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that do not work properly from the factory. While I understand everyone is on a budget these days, you need to get fully prepared. My opinion on the subject of functionality is as follows: 150 rounds of "ball" or practice ammunition out of fully loaded magazines, then about 50 rounds of carry ammo out of the same magazines. If the gun functions properly, load the tested magazines with your carry ammo and leave them alone. Not everyone does this, but I try to have different carry and practice magazines. Once I have tested magazines with a gun and I know they work, I stop beating them up using them for practice.

“YOU’RE ALSO OFF BASE IF YOU … BELIEVE THE SIGHT OF A GUN CAUSES EVIL TO IMMEDIATELY CEASE …”

Carry Recommendations CALIBERS 9mm .380 .38 Special GUNS The largest gun you are comfortable carrying HOLSTER One that allows you to carry the gun relatively comfortably

3

Benefits To Larger Guns 1 More ammunition capacity

2 Better sight radius

3 Lower recoil

Open vs. Concealed Carry Opinion 1: When you carry open, some say you're a target. Opinion 2: Others say you’re an example of responsible gun ownership.


CARRY IT LOADED Finally, carry it loaded. An empty chamber is an unloaded gun. This draw and load crap I see people doing is for the birds. Any modern pistol or revolver is fully safe to carry with a round in the chamber or under the hammer.

TOOL FOR PROTECTION Because this topic is too important, I've taken a different discussion path from where I normally go with my articles. In review, remember to get a gun you are comfortable with, get a holster or holsters, and if you're going to carry it, do so every day (as long as you legally can) without fail, and carry it fully loaded. Make it as habitual as putting your seat belt on when you get in your car. Train your brain to accept the fact evil exists, and one day you may come face to face with it. Your carry gun is not a talisman or a cool toy to show off. It is a tool used to protect yourself, your loved ones and society. FP

 If you carry, make sure the gun is loaded, because things happen fast.

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OPTICAL

1


 It is tough to beat the accuracy capability of a FFP scope, says the author, because the reticle magnifies in conjunction with the scope image.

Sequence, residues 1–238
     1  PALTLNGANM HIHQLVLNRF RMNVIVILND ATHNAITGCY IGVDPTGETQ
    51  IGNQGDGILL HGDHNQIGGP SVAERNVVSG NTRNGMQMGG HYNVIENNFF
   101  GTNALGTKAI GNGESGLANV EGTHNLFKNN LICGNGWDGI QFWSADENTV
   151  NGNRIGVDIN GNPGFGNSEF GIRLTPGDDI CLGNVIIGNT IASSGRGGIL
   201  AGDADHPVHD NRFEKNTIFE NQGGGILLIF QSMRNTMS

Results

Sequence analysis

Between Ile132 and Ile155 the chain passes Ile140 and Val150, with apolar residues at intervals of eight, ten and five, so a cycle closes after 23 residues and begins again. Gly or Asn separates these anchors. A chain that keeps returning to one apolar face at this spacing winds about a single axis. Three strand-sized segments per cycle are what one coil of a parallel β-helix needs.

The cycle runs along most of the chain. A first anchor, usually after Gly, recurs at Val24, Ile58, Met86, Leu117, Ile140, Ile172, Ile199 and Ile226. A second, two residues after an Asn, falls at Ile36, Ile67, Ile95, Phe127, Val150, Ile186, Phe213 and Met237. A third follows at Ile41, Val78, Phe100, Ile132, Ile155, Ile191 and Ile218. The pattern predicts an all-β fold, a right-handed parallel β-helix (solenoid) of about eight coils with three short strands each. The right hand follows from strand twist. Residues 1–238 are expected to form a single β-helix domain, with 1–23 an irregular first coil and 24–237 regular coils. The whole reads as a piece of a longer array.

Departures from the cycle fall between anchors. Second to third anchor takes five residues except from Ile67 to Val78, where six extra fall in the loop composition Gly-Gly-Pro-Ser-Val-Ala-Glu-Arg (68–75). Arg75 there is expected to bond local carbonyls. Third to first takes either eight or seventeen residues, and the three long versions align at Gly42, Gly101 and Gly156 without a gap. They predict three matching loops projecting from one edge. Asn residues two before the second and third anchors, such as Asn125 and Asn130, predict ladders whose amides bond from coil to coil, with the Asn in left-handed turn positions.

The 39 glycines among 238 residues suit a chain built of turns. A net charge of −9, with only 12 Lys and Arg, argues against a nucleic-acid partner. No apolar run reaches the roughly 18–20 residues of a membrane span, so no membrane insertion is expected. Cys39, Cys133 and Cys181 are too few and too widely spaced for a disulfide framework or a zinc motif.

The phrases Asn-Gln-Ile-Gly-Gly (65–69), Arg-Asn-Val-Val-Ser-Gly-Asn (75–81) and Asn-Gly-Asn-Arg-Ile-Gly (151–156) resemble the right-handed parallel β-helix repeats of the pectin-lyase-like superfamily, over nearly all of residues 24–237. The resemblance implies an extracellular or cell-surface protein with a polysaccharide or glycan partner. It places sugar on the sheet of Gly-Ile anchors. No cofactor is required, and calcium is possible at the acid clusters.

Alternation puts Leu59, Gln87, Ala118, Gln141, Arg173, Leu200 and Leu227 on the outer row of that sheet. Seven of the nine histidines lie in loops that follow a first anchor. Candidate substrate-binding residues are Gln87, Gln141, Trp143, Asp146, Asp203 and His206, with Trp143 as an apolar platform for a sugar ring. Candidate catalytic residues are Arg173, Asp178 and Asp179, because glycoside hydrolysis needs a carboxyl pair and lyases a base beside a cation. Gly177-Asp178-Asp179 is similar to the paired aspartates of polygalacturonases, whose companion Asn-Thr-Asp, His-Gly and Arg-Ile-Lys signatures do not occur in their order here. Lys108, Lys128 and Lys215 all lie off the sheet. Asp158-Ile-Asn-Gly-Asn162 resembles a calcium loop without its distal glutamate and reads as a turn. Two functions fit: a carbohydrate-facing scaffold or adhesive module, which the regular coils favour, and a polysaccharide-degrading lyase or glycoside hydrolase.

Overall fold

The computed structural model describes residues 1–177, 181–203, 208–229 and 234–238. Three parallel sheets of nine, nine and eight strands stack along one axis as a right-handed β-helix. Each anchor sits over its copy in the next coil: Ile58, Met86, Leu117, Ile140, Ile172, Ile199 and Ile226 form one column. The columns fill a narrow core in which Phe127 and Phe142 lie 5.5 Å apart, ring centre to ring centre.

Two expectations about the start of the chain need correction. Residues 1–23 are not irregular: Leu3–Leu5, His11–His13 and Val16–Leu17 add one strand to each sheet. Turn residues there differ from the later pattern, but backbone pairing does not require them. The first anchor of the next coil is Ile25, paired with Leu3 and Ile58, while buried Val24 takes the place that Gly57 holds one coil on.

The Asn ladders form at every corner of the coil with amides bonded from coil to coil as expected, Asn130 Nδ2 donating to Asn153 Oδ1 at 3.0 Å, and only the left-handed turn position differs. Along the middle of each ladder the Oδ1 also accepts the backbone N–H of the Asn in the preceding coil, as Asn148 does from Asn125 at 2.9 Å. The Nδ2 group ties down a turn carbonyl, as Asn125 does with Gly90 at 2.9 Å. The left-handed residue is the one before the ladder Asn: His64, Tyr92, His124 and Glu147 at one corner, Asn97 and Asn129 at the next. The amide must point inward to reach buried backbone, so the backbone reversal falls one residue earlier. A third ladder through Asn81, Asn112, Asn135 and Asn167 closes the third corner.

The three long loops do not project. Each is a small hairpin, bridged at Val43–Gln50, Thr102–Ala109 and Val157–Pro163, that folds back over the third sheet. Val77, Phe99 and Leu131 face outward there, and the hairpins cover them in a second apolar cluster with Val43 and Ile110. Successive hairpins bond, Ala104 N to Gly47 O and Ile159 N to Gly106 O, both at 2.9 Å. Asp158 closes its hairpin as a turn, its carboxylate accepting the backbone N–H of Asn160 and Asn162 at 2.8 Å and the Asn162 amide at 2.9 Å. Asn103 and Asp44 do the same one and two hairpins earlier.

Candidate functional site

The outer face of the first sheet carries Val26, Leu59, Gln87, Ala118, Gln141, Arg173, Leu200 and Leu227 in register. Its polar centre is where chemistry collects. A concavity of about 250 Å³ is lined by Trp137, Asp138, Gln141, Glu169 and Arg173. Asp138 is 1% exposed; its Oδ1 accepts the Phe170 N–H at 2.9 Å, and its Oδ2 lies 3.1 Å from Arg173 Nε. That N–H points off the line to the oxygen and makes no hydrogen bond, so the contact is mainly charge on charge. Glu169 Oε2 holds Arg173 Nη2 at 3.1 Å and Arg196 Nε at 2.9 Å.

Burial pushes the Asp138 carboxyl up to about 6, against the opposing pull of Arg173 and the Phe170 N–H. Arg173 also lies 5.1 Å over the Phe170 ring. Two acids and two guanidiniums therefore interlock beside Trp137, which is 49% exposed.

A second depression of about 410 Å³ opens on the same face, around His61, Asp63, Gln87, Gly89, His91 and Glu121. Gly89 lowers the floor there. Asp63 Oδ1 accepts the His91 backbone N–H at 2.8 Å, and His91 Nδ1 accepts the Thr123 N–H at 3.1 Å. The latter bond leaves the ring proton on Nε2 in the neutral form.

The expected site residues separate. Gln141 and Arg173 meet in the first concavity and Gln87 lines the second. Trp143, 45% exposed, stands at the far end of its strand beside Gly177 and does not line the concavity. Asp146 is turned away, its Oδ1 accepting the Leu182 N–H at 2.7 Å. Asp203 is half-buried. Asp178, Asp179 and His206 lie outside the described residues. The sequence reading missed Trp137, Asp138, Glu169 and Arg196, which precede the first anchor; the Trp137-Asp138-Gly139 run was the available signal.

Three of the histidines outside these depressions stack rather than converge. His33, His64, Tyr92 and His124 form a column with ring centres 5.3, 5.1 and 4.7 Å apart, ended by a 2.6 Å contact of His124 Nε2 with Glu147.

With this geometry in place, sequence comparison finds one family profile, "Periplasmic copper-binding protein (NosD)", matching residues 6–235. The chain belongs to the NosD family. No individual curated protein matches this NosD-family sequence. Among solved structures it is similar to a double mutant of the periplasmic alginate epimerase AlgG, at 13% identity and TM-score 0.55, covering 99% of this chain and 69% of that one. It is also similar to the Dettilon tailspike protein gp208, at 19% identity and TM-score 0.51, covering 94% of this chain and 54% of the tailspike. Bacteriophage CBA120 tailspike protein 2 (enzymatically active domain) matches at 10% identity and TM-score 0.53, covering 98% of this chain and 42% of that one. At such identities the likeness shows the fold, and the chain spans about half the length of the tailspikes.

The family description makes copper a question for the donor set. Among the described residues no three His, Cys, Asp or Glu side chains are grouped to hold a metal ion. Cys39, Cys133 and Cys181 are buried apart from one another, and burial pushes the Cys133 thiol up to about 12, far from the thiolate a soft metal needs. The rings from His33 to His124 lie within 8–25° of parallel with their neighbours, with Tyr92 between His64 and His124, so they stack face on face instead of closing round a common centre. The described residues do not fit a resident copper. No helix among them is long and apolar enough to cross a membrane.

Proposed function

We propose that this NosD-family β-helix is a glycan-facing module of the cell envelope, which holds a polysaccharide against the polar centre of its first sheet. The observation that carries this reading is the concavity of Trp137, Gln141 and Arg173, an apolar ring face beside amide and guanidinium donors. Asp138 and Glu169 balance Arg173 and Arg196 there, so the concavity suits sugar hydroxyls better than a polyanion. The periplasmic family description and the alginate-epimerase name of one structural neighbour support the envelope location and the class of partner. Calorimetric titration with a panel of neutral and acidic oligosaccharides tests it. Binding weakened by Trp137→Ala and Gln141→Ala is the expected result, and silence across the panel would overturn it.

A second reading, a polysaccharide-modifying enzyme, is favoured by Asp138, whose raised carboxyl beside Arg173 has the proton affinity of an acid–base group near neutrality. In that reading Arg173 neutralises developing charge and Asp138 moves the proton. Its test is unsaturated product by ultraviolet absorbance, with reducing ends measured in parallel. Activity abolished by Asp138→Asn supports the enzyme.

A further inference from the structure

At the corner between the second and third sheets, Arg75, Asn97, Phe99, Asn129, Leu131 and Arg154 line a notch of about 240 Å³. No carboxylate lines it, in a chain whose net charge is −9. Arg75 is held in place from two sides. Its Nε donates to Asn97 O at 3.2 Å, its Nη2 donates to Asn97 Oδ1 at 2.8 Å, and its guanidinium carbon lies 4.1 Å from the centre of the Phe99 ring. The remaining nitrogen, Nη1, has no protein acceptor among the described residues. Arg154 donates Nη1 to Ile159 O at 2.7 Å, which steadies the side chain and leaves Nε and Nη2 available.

“ … THIS BURLY OPTIC IS LIGHT BUT STRONG AND WON’T WEIGH YOU DOWN WHEN IN THE FIELD OR ON A MISSION FAR FROM HOME BASE.”

FAMILY TREE Leupold manufactures more precision rifle scopes for the U.S. military and police agencies than just about anyone else. Some are priced less than the Mk 4 ER/T, and others are priced considerably more. But in my opinion, none give you better value for your long-range dollars than this proven performer. The Leupold Mk 4 ER/T family of scopes is a natural evolution from their popular LR/T optics. The primary difference being that the ER/Ts employ first (front) focal plane (FFP) glass, while the LR/Ts use second focal plane reticles. When you have a need to range targets at all magnification levels, you just can’t beat the convenience and subsequent accuracy capability of a FFP scope, because the reticle magnifies in conjunction with the scope image.

According to the Leupold techs that I spo with, both the LR/T and ER/T scopes are built using similar high-quality optical lenses, but they do use different erector systems. The current Mk 4 ER/T family of precision long-range riflescopes includes a total of eight basic models. For more information, see the accompanying sidebar.

UNDER THE HOOD The Mk 4 ER/T scope that I field-tested for this review was the model 110076. It has a matte finish and is equipped with a unique tactical milling reticle (TMR). According to Leupold, the TMR expands on the existing MilDot reticle pattern by using various sized and spaced marks on the vertical and hori-

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 The blackened lens edges reduced glare and provided a crisp and clear sight picture when operating on sunny days, the author noted.

5 Key Likes 1 The blackened lens edges reduced glare on sunny days 2 Quick target acquisition 3 The eye relief varied from approximately 3.5 to 4.5 inches, which is ideal for longer-range shots 4 Reticle focus is simple to achieve and maintain 5 Windage and elevation adjustments are fast and easy in the field

zontal stadia lines for increased ranging precision, accuracy and quick metric target ranging/estimating reference points. All MilDot calculations are compatible with the TMR reticle … it just affords the shooter (you) a few more options; plus, the lines take up less physical space in the scope’s picture compared to the MilDot markings, which makes really long distance shots more precise. To use the TMR pattern reticle system, simply determine the range to the target using the milliradian calcula-